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Star Trek: Commendations for Original Thinking in IDW’s Five-Year “Trek”

by  in Lists, Comic News, Movie News Comment
Star Trek: Commendations for Original Thinking in IDW’s Five-Year “Trek”

IDW Publishing has been the comic book home of “Star Trek” for almost ten years, and for the past five years has put out a monthly “Trek” series (and a handful of affiliated miniseries) chronicling the voyages of the Kelvin Timeline’s Enterprise. This September, IDW will debut “Star Trek: Boldly Go,” a new series picking up after the events of this summer’s “Star Trek Beyond.” That means the current series is wrapping up, with its final issue (#60) arriving in comic shops today.

11. HONORABLE MENTIONS

Before the countdown starts in earnest, I couldn’t pass up some of the series’ more clever nods to its Prime Universe inspiration:

  • In issues #1-2, Johnson and Molnar adapted the first Jim Kirk episode (and the series’ second pilot episode) “Where No Man Has Gone Before.” The original featured Sally Kellerman as Dr. Elizabeth Dehner, ship’s psychologist; but because the cast wasn’t yet final, also had Dr. Mark Piper (Paul Fix) as chief medical officer. IDW’s adaptation replaced Piper with Doctor McCoy (naturally) and omitted Dehner, explaining that she refused a transfer to the Enterprise because of her history with Bones.
  • Closing out the series’ first year, “The Truth About Tribbles” (issues #11-12) revealed that when Scotty and Keenser left the Delta Vega outpost for the Enterprise, a hibernating tribble came along. Still trying to recover Admiral Archer’s prize beagle, Scotty used the tribble in a long-range transporter experiment and ended up infesting both his ship and Starfleet Headquarters. Nevertheless, at the end of issue #12, he did recover the beagle.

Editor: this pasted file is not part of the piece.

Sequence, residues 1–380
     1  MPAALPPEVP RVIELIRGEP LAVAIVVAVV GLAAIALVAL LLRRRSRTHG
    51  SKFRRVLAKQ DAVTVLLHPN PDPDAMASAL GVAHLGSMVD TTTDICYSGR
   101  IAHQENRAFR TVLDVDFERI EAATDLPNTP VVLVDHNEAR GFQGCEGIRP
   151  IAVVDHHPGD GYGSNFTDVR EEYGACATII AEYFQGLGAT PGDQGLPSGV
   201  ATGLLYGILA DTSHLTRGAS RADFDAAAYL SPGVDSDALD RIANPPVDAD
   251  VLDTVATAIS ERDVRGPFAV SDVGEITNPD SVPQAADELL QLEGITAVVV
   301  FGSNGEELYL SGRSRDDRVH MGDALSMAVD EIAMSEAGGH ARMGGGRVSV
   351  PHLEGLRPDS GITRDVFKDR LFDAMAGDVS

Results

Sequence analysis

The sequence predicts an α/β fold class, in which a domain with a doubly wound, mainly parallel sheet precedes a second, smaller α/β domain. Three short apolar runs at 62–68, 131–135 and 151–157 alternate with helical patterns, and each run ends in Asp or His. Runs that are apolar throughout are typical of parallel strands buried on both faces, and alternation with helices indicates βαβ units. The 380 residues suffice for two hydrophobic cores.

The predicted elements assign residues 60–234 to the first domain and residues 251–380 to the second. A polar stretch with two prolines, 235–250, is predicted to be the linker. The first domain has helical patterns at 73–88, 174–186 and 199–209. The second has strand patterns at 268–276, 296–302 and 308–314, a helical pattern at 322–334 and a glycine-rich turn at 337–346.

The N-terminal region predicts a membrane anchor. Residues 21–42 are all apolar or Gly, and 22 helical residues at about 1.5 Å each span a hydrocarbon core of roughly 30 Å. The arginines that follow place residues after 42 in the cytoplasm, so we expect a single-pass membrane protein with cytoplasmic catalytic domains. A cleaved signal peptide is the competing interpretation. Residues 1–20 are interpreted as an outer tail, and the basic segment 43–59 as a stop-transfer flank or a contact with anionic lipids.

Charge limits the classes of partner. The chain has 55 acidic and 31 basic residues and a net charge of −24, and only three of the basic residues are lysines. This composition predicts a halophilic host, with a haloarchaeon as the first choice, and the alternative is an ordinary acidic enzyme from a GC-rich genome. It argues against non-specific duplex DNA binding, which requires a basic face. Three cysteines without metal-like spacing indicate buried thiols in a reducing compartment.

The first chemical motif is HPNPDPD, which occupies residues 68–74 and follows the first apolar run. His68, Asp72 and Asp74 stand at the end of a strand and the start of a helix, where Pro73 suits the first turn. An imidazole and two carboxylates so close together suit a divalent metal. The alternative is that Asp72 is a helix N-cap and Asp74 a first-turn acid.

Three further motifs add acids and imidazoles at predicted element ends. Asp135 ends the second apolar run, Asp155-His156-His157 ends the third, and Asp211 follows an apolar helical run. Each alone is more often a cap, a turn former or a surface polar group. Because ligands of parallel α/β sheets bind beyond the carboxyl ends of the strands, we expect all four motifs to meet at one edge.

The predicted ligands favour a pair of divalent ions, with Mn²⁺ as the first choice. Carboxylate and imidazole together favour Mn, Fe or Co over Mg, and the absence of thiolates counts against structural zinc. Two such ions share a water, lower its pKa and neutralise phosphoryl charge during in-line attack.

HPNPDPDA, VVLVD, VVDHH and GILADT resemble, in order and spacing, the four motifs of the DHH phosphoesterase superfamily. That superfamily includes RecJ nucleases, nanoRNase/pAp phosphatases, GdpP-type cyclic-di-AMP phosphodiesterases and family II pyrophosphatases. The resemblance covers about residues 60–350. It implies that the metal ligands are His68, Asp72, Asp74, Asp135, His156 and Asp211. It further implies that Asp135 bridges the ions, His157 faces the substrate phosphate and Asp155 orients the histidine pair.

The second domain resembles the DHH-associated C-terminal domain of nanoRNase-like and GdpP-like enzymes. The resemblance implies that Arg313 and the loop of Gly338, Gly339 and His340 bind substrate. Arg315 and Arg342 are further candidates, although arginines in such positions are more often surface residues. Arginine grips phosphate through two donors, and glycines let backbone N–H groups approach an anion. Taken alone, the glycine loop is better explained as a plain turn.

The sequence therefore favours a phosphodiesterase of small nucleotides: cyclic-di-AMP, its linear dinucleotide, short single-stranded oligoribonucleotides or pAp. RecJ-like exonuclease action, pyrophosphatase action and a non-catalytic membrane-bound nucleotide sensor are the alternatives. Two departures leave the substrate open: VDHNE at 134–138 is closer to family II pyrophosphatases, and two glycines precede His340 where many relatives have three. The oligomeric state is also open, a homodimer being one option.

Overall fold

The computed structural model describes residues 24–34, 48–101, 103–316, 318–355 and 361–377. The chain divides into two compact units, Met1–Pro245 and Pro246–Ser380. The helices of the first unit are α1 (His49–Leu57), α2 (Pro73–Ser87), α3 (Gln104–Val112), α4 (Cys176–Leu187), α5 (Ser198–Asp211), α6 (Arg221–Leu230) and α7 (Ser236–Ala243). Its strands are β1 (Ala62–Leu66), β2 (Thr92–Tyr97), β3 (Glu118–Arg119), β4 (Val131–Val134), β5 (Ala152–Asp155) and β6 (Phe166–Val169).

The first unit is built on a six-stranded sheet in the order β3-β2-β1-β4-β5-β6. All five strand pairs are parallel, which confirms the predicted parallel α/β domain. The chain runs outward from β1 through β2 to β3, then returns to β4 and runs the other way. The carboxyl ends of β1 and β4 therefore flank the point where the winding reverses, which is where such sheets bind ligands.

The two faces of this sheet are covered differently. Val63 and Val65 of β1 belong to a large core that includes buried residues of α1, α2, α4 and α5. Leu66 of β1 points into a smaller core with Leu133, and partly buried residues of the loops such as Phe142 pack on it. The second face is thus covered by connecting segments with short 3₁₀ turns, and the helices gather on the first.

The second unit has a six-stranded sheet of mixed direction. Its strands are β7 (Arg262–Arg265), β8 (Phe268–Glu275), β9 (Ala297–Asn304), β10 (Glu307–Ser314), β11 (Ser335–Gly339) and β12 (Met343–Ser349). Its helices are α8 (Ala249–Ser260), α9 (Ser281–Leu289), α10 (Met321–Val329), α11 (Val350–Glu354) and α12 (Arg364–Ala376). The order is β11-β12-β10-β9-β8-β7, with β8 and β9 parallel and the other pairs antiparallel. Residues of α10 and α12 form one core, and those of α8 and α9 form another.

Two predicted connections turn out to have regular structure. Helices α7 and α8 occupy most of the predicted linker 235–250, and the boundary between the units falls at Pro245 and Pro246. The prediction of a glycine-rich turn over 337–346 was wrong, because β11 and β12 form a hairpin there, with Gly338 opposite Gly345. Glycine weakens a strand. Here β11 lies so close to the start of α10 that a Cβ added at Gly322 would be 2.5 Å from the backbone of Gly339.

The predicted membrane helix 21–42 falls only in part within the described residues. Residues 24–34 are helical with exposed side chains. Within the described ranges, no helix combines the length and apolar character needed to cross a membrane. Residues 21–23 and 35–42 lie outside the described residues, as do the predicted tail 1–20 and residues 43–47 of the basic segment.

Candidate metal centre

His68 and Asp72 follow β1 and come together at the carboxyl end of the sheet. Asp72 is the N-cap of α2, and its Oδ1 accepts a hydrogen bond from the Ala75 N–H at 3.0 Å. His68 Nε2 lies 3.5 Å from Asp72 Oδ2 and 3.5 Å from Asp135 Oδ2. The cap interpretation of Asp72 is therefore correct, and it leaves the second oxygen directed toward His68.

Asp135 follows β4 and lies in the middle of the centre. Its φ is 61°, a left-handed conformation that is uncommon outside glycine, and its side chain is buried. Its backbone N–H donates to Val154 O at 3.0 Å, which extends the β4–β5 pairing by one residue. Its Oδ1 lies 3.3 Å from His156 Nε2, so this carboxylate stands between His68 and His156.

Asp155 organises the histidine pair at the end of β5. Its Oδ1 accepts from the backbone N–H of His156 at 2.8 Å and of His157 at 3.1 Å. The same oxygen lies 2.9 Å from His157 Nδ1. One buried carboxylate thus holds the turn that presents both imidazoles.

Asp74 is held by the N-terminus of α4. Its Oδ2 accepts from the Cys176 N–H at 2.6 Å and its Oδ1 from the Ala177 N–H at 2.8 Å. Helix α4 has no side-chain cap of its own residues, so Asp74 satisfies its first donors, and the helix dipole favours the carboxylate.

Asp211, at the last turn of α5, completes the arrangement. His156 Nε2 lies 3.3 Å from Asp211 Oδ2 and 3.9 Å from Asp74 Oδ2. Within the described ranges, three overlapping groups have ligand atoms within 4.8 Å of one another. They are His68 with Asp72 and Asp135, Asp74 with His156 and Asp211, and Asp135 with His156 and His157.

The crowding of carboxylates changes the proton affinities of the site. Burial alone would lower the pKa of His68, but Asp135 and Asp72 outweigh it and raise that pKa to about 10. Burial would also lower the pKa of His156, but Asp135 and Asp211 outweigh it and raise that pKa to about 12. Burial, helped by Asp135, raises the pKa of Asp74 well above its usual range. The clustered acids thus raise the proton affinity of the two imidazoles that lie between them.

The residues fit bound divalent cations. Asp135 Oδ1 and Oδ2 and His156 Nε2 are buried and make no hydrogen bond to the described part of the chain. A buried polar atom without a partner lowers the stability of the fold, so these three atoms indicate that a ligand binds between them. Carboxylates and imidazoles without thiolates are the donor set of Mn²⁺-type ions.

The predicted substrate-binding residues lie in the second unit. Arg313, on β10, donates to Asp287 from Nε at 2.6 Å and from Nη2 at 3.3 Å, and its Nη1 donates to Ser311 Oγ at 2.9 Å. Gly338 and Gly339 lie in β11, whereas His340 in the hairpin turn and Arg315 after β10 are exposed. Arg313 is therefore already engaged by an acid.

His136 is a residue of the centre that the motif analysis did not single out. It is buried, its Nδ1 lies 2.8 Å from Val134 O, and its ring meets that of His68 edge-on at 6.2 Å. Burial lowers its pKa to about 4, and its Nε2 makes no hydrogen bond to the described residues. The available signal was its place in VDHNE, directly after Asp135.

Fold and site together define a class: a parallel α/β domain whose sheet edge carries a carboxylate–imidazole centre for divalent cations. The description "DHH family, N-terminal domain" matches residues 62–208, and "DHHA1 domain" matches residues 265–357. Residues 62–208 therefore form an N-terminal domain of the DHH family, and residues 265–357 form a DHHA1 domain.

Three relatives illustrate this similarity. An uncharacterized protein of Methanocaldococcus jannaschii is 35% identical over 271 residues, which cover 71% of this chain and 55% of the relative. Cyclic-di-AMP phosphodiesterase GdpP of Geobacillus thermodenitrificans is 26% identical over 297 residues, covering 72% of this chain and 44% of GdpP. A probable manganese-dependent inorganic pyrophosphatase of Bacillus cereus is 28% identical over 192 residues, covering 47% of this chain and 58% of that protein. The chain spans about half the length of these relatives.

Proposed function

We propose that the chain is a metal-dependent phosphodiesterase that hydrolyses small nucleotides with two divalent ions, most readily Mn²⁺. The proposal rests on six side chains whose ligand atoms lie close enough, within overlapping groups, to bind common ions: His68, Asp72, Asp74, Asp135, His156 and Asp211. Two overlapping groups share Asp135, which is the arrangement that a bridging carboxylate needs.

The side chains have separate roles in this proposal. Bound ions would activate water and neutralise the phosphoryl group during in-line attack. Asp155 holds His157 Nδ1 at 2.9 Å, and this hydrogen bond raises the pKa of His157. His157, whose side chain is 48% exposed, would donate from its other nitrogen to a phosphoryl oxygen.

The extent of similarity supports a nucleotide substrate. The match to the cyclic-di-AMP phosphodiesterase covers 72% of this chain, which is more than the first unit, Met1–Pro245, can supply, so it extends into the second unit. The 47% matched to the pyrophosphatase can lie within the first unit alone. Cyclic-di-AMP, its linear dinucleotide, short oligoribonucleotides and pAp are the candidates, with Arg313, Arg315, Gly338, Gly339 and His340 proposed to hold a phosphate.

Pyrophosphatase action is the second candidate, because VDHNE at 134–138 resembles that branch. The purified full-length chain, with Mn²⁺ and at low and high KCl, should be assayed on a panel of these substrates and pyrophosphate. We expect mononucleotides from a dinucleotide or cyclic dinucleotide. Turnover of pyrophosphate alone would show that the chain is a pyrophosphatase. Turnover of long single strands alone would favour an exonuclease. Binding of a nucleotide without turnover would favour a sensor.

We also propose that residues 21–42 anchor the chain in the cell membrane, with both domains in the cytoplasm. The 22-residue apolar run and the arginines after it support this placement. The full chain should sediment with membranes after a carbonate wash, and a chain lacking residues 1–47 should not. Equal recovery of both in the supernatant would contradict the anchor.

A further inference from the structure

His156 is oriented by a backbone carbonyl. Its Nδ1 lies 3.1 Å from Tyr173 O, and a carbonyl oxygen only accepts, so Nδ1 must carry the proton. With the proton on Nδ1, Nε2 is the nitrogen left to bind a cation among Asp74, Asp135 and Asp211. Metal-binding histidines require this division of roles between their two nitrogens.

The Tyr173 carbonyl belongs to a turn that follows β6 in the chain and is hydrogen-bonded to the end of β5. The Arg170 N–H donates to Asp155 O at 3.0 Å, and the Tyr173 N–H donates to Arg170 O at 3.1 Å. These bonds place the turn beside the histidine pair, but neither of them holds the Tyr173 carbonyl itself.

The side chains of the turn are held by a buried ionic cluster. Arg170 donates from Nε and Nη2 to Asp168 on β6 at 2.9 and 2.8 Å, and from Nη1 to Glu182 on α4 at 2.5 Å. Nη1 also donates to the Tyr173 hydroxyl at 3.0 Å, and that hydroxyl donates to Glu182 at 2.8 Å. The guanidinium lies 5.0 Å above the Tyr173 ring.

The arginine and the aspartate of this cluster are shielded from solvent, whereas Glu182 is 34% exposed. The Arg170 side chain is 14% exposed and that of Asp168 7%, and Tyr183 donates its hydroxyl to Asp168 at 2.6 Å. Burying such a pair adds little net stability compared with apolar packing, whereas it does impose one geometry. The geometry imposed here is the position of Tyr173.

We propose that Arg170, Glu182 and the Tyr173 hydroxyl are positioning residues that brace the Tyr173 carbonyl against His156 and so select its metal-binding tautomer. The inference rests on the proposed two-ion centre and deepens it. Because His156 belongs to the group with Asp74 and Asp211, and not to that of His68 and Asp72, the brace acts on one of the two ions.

• Other clever twists on classic episodes included Uhura stealing a shuttlecraft to rescue “The Galileo Seven” (issues #3-4); the “Doomsday Machine” homage in “Behemoth” (issues #41-42); a delusional Sulu separating the saucer section in “The Tholian Webs” (issues #46-47); the Mirror Universe’s Kirk hijacking the Narada in “Mirrored” (issues #15-16); and the Mirror Khan teaming up with our heroes in “Live/Evil” (issues #50-52).

    10. 10. “Star Trek/Green Lantern: The Spectrum War”

    6-issue miniseries (July-December 2015)

    Written by Scott and David Tipton, drawn by Angel Hernandez and colored by Angelo Sanchez, this miniseries is essentially “Blackest Night” in the 23rd Century. Most of the bridge crew joins the emotional spectrum, there’s a planet full of Black Lanterns, and some familiar fleets get color-coordinated upgrades. Blending the two works pretty well, although the plot is essentially a framework for action sequences. The focus is on Kirk, Hal Jordan and the bad guys (including a Gorn Red Lantern, a Romulan Orange Lantern and Yellow Lantern Chang in his Kelvin-timeline debut). The climax also threatens to be fan-service-y — and in fact, the miniseries ends on a very peculiar note. Nevertheless, in a “Trek” context the various Lantern Corps are essentially another set of warring factions the Enterprise crew must work with; the script is very true to everyone’s voices; and the art and colors keep things lively. A sequel is on the way.